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Trump NY Grand Jury Near End of Work   03/21 06:04

   A New York grand jury investigating Donald Trump over a hush money payment 
to a porn star appears poised to complete its work soon as law enforcement 
officials make preparations for possible unrest in the event of an indictment.

   NEW YORK (AP) -- A New York grand jury investigating Donald Trump over a 
hush money payment to a porn star appears poised to complete its work soon as 
law enforcement officials make preparations for possible unrest in the event of 
an indictment.

   Trump over the weekend claimed without any evidence that he would be 
arrested on Tuesday, with his representatives later saying he was citing media 
reports and leaks. There was no indication that prediction would come true, 
though the grand jury appeared to take an important step forward by hearing 
Monday from a witness favorable to Trump, presumably so prosecutors could 
ensure the panel had a chance to consider any testimony that could be remotely 
seen as exculpatory.

   The next steps in a grand jury process shrouded in secrecy remained unclear, 
and it was uncertain if additional witnesses might be summoned. But a city 
mindful of the riot by Trump loyalists at the U.S. Capitol more than two years 
ago took steps to gird itself from any violence that could accompany the 
unprecedented prosecution of a former president, while fellow Republicans 
eyeing the 2024 presidential nomination sized up how an indictment might upend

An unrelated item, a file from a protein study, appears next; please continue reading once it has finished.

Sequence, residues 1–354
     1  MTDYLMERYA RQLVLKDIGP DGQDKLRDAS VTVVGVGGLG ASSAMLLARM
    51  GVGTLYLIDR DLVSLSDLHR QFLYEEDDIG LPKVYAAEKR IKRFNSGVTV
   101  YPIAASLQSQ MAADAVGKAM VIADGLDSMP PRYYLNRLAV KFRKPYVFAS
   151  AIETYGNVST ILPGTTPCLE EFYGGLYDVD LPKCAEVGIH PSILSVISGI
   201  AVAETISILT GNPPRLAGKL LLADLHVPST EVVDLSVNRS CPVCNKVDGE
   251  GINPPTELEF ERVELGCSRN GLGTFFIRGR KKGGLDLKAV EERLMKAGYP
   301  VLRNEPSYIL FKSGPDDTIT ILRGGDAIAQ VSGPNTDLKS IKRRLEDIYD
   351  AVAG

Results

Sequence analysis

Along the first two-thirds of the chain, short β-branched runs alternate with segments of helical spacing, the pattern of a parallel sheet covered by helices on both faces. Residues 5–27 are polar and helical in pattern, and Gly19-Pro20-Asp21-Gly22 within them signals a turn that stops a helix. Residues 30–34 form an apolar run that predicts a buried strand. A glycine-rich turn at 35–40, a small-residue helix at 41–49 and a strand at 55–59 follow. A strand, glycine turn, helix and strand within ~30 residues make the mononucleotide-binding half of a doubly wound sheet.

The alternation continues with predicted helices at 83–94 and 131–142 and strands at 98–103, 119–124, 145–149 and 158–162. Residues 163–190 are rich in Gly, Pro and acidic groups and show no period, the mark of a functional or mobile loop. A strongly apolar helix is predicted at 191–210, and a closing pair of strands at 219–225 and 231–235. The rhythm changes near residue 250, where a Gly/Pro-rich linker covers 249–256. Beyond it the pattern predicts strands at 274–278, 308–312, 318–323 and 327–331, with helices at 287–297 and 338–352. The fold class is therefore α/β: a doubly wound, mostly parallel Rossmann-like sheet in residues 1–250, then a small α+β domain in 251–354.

the race.

   The testimony from Robert Costello, a lawyer with close ties to numerous key 
Trump aides, appeared to be a final opportunity for allies of the former 
president to steer the grand jury away from an indictment. He was invited by 
prosecutors to appear after saying that he had information to undercut the 
credibility of Michael Cohen, a former lawyer and fixer for Trump who later 
turned against him and then became a key witness in the Manhattan district 
attorney's investigation.

   Costello had provided Cohen legal services several years ago after Cohen 
himself became entangled in the federal investigation into the hush money 
payments. In a news conference after his grand jury appearance, Costello told 
reporters that he had come forward because he did not believe Cohen, who 
pleaded guilty to federal crimes and served time in prison, could be trusted.

   "If they want to go after Donald Trump and they have solid evidence, then so 
be it," Costello said. "But Michael Cohen is far from solid evidence."

   Responding to Costello's claims on MSNBC later Monday, Cohen said that 
Costello was never his lawyer and "he lacks any sense of veracity."

   There were no clear signs that Costello's testimony had affected the course 
of the investigation. Cohen had been available for over two hours in case 
prosecutors wanted him to rebut Costello's testimony but was told he was not 
needed, his attorney said Monday.

   The testimony came two days after Trump said he expected to face criminal